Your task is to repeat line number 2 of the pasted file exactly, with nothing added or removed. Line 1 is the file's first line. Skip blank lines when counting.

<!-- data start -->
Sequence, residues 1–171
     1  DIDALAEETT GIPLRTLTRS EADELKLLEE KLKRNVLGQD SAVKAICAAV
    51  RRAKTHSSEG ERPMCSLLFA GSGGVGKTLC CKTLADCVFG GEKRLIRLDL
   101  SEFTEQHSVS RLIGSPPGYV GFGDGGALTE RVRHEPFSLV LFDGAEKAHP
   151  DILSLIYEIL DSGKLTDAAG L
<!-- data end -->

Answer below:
     1  DIDALAEETT GIPLRTLTRS EADELKLLEE KLKRNVLGQD SAVKAICAAV